Speaker of Canada’s House of Representatives resigns after celebrating Ukrainian veteran who fought for Nazi unit in World War II

Speaker of Canada’s House of Representatives resigns after celebrating Ukrainian veteran who fought for Nazi unit in World War II


The Speaker of Canada’s House of Commons, Anthony Rota, resigned from his position on Tuesday, days after praising a Ukrainian veteran who fought for a Nazi military unit during World War II.

On Friday, following a joint speech to parliament by Ukrainian President Volodymyr Zelensky, Rota praised 98-year-old Yaroslav Hunka as a Ukrainian-Canadian war hero who “fought for Ukraine’s independence against Russian aggressors back then and continues to support the troops today.”

But in the days that followed, Jewish and human rights organizations condemned Rota’s recognition, saying that Hunka served in a Nazi military unit known as the 14th SS Waffen Grenadier Division.

“This House is above any of us, therefore I must resign as its president,” Rota said in Parliament on Tuesday afternoon, reiterating his “deep regret for my mistake.”

“That public recognition has caused pain to individuals and communities, including the Jewish community in Canada and around the world, as well as survivors of Nazi atrocities in Poland, among other nations,” added Rota, who is a member of the Liberal Party. . “I accept full responsibility for my actions.”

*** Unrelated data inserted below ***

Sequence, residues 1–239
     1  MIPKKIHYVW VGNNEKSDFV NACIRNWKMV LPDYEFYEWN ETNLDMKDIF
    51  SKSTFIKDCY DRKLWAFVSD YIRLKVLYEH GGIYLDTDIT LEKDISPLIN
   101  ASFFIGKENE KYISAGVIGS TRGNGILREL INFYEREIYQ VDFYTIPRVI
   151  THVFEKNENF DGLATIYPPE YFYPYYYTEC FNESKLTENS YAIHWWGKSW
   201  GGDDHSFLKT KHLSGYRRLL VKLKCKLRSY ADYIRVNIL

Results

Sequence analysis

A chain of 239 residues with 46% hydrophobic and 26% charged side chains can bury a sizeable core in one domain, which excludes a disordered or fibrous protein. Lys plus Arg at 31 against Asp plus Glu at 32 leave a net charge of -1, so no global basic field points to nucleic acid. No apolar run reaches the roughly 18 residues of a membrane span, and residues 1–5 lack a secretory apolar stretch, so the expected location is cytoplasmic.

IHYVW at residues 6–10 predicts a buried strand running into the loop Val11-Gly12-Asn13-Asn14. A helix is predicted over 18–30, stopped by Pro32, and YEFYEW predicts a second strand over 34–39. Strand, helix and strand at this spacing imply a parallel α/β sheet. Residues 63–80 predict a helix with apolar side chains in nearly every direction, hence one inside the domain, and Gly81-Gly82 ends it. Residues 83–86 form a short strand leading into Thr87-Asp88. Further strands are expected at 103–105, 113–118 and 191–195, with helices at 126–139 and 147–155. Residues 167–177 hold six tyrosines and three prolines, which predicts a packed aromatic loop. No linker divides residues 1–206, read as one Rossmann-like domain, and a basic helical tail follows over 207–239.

Rota’s recognition of Hunka last week sparked a standing ovation. Prime Minister Justin Trudeau called the incident “deeply shameful.”

The 14th Waffen Grenadier Division was part of the Nazi SS organization declared a criminal organization by the International Military Tribunal at Nuremberg in 1946, which determined that the Nazi group had committed war crimes and crimes against humanity.

The Jewish human rights organization B’nai Brith Canada in a statement condemned the Ukrainian volunteers who served in the unit as “ultranationalist ideologues” who “dreamed of an ethnically homogeneous Ukrainian state and supported the idea of ​​ethnic cleansing.”

Recognizing Hunka was “beyond outrageous,” said B’nai Brith Canada executive director Michael Mostyn, adding, “We cannot allow history to be whitewashed.”

“Canadian soldiers fought and died to free the world from the evils of Nazi brutality,” he said.

Rota apologized in a statement on Sunday and on the floor of parliament on Tuesday, saying that “I learned of more information that makes me regret my decision to recognize this individual.”

Rota took full responsibility and said it was his sole decision to recognize Hunka, who Rota said is from his constituency.

“No one – not even anyone among you, my parliamentary colleagues or the Ukrainian delegation – was aware of my intention or my comments before they were delivered,” he said.

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John C. Johnson

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